Flat Lease Extension
Can I sell my flat whilst in the middle of a statutory lease extension?
Many leaseholders think they cannot sell their flat if they are going through the statutory lease extension process. This is not correct.
To be able to start a statutory lease extension claim, a leaseholder must have owned their flat for at least two years before starting the lease extension process. The leaseholder can pass the benefit of the lease extension notice (a ‘s42 Notice’) to a buyer meaning that the buyer can avoid the two year ownership requirement, as on completion of their purchase, they will simply step into the seller’s shoes and take over the lease extension process as if they had owned the flat for the required time.
So how does this work in practice?
This can work in one of two ways; in either case the seller must serve a notice on the landlord to extend the lease before completion:
1. The buyer pays a reduced price for the flat (generally speaking flats with short leases are worth less than comparable flats with longer leases). When the buyer completes on their purchase, the seller assigns the benefit of the lease extension Notice to the buyer. The benefit for the buyer is the certainty of being able to complete the statutory lease extension within a relatively short period of time after buying the flat, rather than waiting for the qualifying two year period to elapse. The flat would have been marketed at a higher price if it had a longer lease, and so the buyer has paid a fair price for the flat given that they will need to spend money on the lease extension.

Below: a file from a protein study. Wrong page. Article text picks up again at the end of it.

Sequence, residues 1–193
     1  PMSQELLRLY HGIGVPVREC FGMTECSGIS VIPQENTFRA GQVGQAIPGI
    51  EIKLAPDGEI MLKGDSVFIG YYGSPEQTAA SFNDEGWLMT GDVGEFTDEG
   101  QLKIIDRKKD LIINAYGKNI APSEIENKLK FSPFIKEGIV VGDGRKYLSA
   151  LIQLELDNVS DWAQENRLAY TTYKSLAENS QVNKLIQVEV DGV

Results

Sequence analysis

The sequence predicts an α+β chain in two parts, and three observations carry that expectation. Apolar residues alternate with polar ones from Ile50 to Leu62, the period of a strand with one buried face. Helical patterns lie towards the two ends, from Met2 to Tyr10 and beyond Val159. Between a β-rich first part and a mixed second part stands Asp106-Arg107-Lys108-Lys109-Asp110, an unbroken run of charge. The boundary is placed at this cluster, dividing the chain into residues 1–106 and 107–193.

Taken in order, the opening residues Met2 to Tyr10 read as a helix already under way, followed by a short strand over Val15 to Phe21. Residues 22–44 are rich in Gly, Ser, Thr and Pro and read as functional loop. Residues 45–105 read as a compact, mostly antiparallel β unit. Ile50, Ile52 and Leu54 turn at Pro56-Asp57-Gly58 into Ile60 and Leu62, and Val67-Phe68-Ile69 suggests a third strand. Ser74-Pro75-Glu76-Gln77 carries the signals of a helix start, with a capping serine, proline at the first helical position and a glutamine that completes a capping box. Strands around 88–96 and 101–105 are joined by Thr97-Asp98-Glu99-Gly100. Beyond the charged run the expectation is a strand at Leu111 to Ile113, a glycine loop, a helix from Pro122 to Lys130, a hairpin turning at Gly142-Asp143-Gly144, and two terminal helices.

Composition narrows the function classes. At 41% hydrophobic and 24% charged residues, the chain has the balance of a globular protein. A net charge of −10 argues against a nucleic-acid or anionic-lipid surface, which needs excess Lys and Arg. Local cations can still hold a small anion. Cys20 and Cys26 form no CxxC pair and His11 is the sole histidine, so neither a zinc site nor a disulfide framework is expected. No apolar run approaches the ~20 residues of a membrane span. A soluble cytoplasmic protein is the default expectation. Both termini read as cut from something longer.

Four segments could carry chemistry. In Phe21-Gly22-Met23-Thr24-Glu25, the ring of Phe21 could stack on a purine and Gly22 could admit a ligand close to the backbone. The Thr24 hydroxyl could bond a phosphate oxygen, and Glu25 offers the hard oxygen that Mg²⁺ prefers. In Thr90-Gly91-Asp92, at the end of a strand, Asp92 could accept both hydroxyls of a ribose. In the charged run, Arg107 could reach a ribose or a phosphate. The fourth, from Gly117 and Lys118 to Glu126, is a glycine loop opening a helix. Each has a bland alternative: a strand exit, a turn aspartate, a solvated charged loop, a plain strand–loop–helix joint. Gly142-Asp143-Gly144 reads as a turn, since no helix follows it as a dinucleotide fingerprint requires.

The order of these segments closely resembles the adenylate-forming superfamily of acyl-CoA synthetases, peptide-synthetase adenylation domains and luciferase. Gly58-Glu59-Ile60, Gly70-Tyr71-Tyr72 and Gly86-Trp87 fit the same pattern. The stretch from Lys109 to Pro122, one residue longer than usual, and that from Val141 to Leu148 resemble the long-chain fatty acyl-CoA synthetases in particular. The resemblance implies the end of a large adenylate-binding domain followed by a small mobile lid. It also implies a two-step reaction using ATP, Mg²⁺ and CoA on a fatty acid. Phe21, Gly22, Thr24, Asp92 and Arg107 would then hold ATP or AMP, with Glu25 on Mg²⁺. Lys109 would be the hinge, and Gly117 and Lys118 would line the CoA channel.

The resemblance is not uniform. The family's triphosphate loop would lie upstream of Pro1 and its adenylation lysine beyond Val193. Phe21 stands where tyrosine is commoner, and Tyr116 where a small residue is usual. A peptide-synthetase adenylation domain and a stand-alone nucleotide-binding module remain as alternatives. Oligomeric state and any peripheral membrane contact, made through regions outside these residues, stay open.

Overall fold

In this situation, the seller will have to accept that the price they are going to receive will be less than if they complete the lease extension and then market the flat. However, it allows the seller to complete quickly rather than waiting for up to six months whilst the lease extension process is completed.
2. The seller starts the lease extension process and the buyer pays the full market price for the flat that he/she would expect to pay if the flat had a long lease. When the sale completes, the seller’s solicitor will retain monies from the sale (after they have paid off any mortgages) to pay for the lease extension. The buyer will take over the lease extension process and request the monies from the seller’s solicitor to complete the lease extension in due course.
In this scenario, the seller has received the full market value for the flat and the buyer has the certainty of purchasing a flat with a long lease.
In both of these scenarios, the buyer will end up with a lease that has an additional 90 years on top of the remaining lease length at nil ground rent.
Whilst these types of transactions are becoming increasingly common, it is vital that parties take expert valuation and legal advice before selling or purchasing a flat with a short lease. Each party will want to ensure that they are either getting, or paying, a fair price for the flat.
Commercial Property Solicitor